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Japanese Food Article

    Shiro miso (白みそ)

    Shiro miso with wooden spoon

    Discover the essence of Shiro Miso, a beloved variety of Japanese miso known for its creamy texture and mild sweetness. This traditional condiment plays an important role in Japanese cuisine, especially in regions like Kyoto and Kansai. Explore more about this versatile ingredient and its culinary applications by reading the full article.

    What is Shiro miso?

    Shiro miso powdered and soup

    Shiro miso, also known as white miso, is a type of rice miso that is creamy and sweet. It’s commonly used in Japan’s Kinki region, Okayama, Hiroshima, and Kagawa Prefectures, with Kyoto’s Saikyo miso being a famous variety.
    To make white miso, soybeans are peeled and boiled, then mixed with rice malt and salt. Unlike other rice miso, white miso uses a higher ratio of rice malt to soybeans. The aging process, similar to making amazake, involves maintaining a temperature of 50°C or higher, which turns the rice malt into sugar, giving the miso its sweetness.

    Shiro Miso Origin

    white miso

    The tradition of Kansai white miso dates back about 200 years. It began when Tambaya Shigesuke, a master brewer from Tamba, was requested by the Imperial Palace (now the Kyoto Imperial Palace) to brew miso for the Imperial Court’s cooking. Kyoto and the Kansai region were home to many tea masters and literary figures, fostering an elegant imperial court culture. In contrast, samurai, who frequently engaged in physical exertion, preferred miso with a stronger saltiness. They also needed a type of miso that could preserve well as military rations.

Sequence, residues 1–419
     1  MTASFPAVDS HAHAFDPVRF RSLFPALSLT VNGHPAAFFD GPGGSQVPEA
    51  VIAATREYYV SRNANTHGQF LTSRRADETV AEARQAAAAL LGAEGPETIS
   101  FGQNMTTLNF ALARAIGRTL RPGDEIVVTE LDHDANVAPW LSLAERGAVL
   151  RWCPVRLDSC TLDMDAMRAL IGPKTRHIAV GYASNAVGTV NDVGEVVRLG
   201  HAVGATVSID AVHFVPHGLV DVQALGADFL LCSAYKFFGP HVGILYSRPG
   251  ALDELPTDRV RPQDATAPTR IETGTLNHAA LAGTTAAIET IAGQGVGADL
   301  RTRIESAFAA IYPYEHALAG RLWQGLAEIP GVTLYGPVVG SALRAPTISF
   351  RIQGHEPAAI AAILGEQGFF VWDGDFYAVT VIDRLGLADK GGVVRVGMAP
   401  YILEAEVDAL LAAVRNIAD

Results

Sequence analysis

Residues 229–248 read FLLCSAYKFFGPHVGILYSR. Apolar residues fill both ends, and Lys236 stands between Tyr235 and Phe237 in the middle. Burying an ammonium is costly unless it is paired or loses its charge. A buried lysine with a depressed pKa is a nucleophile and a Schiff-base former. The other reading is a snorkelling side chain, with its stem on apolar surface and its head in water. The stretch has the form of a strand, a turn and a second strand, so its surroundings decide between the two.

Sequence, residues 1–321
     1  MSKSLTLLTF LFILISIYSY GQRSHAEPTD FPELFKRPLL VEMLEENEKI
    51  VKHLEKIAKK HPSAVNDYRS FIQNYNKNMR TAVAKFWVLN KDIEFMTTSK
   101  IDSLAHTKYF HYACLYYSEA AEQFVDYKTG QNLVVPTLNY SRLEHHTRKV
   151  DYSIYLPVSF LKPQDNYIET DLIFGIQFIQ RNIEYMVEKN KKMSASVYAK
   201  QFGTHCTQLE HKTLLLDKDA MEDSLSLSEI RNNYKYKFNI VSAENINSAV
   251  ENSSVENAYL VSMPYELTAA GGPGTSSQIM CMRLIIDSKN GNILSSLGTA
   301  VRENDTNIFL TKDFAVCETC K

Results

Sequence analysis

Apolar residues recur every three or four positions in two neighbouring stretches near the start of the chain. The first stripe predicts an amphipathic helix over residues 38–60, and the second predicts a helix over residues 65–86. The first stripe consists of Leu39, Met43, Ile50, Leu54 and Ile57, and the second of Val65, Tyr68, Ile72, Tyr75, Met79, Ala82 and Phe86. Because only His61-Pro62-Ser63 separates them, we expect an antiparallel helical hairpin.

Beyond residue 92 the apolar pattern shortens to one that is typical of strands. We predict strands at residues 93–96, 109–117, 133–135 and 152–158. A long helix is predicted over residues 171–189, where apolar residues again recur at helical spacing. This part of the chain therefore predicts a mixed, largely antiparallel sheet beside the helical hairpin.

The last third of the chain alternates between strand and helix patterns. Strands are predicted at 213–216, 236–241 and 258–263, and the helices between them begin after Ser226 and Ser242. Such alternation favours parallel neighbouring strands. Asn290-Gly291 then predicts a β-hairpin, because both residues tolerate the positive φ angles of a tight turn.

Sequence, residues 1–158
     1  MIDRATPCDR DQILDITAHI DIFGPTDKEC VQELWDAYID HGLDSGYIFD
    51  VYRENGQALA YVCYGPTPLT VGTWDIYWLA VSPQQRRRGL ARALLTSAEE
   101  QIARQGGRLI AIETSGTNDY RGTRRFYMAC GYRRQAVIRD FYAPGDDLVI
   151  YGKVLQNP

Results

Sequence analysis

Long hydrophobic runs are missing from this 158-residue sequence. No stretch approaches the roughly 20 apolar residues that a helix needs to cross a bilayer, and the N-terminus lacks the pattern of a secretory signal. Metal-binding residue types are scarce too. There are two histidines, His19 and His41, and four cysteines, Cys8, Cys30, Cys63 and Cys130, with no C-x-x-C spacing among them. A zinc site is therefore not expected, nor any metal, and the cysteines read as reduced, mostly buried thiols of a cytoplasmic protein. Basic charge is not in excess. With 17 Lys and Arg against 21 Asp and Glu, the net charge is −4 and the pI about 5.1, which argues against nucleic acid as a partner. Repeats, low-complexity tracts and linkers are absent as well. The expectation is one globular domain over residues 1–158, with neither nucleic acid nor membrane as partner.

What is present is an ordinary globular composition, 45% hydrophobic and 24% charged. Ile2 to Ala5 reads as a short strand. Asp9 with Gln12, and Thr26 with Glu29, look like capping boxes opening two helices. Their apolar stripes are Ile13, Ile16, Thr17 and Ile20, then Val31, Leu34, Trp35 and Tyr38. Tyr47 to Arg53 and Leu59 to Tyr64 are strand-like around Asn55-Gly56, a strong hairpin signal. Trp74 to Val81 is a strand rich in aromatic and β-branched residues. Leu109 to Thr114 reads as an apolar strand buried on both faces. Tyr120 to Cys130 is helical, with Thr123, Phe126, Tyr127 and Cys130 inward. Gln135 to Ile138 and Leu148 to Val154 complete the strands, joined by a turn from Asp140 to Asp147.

This cultural environment also contributed to the development of Kyoto cuisine. After the Meiji Restoration, the capital moved from Kyoto to Edo (now Tokyo), and Kyoto became known as Saikyo. This is how Saikyo miso got its name. “Saikyo Miso” is now a brand name belonging to a miso manufacturing company descended from Tamba-ya Mosuke.

    Difference between Shiro miso and Aka miso

    Shiro miso in black plate

    Shiro miso (white miso) and aka miso (red miso) differ in both color and production methods. Aka miso refers to miso that turns red or brown after aging and can be made from rice, barley, or soybeans. Shiro miso generally refers to a sweeter type of rice miso.

    Shiro miso is aged for a short period, while aka miso is typically made by steaming soybeans, mixing them with other ingredients, and aging them at room temperature for six months to a year. During this extended aging, amino acids from soybeans and sugars from rice or barley undergo a Maillard reaction, darkening the miso and enhancing its flavor.

    Aka miso is also saltier than shiro miso because it needs a higher salt content to stay fresh during its long aging process. Thus, the longer aging period not only gives aka miso its darker color but also a richer taste compared to the milder, sweeter shiro miso.

    Shiro Miso FAQ

    What can you substitute for white miso?